“He was flying around. It was good to see,” Connelly said. “On that play, he was just doing his job, running to the flat. [Barrett] literally threw it right to him and he did his job, caught it and scored.”
That's the No. 1 defense in the country y'all pic.twitter.com/ICsNmucx7e— FOX College Football (@CFBONFOX) December 3, 2017
Yet the defense would allow another big touchdown when it got back on the field, and like the first score allowed, it was on a four-play drive that ended with a big pass.
On a 2nd-and-10 from the OSU 43-yard line, Barrett threw a bubble screen out to Parris Campbell. Senior safety Natrell Jamerson and redshirt junior cornerback Nick Nelson both missed key opportunities to halt the wide receiver before he hit the open field.
Fifty-seven yards later, Wisconsin found itself trailing once again, 14–7.
Two drives later, Ohio State showcased its burst in the rushing game with Dobbins’s 77-yard run that led to Barrett’s one-yard push across the goal line to make it a 21–7 advantage.
On that big run, which helped Dobbins rush for 174 yards on 17 carries and earn the game’s Most Valuable Player accolade, senior defensive end Conor Sheehy missed a tackle, with no one behind him to stop the true freshman from sprinting down the field.
“[We] did some uncharacteristic things tonight, but that’s a really good football team with a lot of good playmakers that can hurt you in a lot of different ways,” Edwards said. “I thought we played a great second half, but we didn’t play a good first half as a defense to get it done.”
For the most part, Wisconsin did its part in the second half, and even towards the end of the first 30 minutes of the game. Van Ginkel showed up once again, stripping Mike Weber with about five-and-a-half minutes remaining in the second quarter, recovering the fumble that eventually led to Rafael Gaglianone’s 28-yard field goal to cut the deficit to 21–10.
In the final 30 minutes, Wisconsin held Ohio State to only six points and 140 yards. Dobbins’ second big run of the game, the 53-yarder in the third quarter, led to a Buckeyes 27-yard field goal to push the lead to 24–13.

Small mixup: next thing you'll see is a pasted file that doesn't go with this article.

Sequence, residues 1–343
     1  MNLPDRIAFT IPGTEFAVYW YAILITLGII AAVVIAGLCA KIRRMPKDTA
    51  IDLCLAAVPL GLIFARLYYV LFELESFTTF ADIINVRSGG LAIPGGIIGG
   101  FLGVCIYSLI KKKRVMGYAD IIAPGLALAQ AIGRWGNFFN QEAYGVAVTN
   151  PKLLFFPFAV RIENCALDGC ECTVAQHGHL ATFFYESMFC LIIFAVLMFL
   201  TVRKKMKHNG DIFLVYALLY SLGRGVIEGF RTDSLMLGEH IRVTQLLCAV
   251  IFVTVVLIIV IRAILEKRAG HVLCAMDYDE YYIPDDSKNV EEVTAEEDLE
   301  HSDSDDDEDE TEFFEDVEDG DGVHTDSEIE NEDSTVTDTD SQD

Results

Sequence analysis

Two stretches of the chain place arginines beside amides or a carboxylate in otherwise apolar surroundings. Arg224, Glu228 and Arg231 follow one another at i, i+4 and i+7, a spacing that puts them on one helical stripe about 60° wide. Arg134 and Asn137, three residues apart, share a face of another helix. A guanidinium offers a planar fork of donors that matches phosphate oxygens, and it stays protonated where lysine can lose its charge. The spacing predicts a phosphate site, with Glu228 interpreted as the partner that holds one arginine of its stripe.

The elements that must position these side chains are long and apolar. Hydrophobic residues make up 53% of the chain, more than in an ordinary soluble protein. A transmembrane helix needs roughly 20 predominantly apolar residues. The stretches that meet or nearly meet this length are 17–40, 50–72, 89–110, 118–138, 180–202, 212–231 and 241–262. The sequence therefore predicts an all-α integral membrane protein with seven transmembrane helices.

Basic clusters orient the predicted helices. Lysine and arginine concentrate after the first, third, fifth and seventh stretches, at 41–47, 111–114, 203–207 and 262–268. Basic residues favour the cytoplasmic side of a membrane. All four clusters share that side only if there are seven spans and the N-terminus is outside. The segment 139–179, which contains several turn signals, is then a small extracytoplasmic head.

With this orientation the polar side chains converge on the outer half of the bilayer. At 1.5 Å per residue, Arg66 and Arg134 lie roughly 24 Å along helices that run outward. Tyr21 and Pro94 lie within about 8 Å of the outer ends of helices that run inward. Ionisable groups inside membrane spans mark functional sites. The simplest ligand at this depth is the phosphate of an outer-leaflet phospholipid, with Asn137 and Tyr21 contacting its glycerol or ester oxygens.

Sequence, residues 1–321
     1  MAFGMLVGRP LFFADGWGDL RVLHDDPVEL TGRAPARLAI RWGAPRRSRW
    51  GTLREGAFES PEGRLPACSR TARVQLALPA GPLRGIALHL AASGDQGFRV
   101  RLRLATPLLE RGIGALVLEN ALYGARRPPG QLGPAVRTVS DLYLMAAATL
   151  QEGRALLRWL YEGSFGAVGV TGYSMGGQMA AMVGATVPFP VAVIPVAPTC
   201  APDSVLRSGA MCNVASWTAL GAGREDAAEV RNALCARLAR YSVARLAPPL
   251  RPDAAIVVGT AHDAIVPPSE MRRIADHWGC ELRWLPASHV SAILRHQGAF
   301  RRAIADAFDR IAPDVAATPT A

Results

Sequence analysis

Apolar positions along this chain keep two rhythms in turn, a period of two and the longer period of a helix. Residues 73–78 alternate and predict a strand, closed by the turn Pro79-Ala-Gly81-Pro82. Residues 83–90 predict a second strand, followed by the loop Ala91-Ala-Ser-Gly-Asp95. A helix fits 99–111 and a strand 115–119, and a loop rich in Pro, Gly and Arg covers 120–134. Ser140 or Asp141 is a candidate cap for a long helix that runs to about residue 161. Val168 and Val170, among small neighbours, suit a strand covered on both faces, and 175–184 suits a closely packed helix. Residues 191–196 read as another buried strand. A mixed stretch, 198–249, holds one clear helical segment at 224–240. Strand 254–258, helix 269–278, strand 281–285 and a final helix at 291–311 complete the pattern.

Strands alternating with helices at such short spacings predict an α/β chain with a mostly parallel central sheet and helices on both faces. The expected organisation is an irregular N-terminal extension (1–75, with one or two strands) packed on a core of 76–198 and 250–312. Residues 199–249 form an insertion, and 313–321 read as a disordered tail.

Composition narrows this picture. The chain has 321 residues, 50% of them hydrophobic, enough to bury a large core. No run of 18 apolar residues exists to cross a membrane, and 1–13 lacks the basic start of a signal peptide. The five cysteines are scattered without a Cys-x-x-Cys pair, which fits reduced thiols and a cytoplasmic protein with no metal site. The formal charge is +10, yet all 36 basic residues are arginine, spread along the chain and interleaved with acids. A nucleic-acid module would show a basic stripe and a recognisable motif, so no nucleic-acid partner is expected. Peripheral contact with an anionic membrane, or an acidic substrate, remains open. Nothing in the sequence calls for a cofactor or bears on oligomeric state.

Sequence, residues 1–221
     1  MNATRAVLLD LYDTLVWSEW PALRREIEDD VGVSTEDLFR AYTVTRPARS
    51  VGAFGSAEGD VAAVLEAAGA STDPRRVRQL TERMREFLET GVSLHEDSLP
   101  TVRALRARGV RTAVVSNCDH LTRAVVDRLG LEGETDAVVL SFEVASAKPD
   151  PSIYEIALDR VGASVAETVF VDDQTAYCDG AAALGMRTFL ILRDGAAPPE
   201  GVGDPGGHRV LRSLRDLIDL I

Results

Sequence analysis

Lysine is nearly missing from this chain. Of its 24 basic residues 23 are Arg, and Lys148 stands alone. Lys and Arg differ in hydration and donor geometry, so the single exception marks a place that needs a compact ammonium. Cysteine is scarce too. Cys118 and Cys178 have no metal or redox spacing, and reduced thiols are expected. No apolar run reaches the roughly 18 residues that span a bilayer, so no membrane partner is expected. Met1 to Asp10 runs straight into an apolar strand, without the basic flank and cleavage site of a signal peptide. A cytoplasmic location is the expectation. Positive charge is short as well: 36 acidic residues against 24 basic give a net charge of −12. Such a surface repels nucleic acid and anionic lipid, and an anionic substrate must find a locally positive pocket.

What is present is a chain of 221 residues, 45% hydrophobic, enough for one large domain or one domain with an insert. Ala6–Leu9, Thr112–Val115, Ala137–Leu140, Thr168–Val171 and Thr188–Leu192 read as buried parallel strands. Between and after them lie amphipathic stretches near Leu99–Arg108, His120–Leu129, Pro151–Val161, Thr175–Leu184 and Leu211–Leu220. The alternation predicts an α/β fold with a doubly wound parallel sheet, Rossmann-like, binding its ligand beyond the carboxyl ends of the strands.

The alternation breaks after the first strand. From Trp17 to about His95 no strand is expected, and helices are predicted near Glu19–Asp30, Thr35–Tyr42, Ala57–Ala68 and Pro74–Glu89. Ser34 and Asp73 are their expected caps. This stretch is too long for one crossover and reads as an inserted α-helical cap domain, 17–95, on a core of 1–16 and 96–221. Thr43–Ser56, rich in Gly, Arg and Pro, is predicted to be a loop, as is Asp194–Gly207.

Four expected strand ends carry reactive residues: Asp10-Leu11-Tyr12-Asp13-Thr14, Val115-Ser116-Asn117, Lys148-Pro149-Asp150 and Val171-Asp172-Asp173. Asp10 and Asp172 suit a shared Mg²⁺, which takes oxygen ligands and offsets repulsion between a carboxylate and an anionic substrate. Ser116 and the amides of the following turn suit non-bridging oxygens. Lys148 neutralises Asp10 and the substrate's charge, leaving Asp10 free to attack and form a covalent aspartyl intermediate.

Following that, the longest play Wisconsin gave up was a 12-yard completion. It also forced Barrett’s second interception of the game that led to the team’s first offensive touchdown of the game.
On a 3rd-and-4, Barrett rolled out to the right and threw to tight end Marcus Baugh. It bounced off his hands and right into the arms of outside linebacker Leon Jacobs.
“I think we all take pride in our defense, so I don’t think we were going to let it just slip away from us,” Connelly said. “I wouldn’t expect anything less of these guys to respond any other way.”
Though a late field goal after a 15-play, 79-yard drive that shaved over seven minutes off the clock gave Ohio State the six-point advantage it would not relinquish, Wisconsin’s defense adjusted like it had throughout this season.
Wisconsin held Ohio State to zero touchdowns in the final two quarters, the first time the Buckeyes did not find the end zone in the second half this season.
Barrett only completed 12 of 26 passes for 211 yards with the two touchdowns and two interceptions, and he also missed three more big passes—two potential scores in the first half, and a throw to Dobbins in the flat on Ohio State’s second-to-last drive that would have sealed the win.
That allowed the Badgers to stay in the game until the very end, but the uncharacteristic, surprising lack of execution seen in the first half set a tone that was hard to overcome.
“I thought we fought like crazy but we gave up those big plays, those big runs,” Edwards said. “You’re not going to beat teams like this.”